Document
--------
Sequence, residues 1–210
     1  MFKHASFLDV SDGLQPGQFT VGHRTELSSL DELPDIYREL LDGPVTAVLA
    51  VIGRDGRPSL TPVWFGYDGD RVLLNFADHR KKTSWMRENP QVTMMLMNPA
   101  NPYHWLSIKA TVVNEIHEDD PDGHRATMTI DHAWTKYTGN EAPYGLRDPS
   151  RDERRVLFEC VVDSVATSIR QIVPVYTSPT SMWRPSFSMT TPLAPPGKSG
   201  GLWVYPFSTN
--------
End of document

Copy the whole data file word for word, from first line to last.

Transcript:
Sequence, residues 1–210
     1  MFKHASFLDV SDGLQPGQFT VGHRTELSSL DELPDIYREL LDGPVTAVLA
    51  VIGRDGRPSL TPVWFGYDGD RVLLNFADHR KKTSWMRENP QVTMMLMNPA
   101  NPYHWLSIKA TVVNEIHEDD PDGHRATMTI DHAWTKYTGN EAPYGLRDPS
   151  RDERRVLFEC VVDSVATSIR QIVPVYTSPT SMWRPSFSMT TPLAPPGKSG
   201  GLWVYPFSTN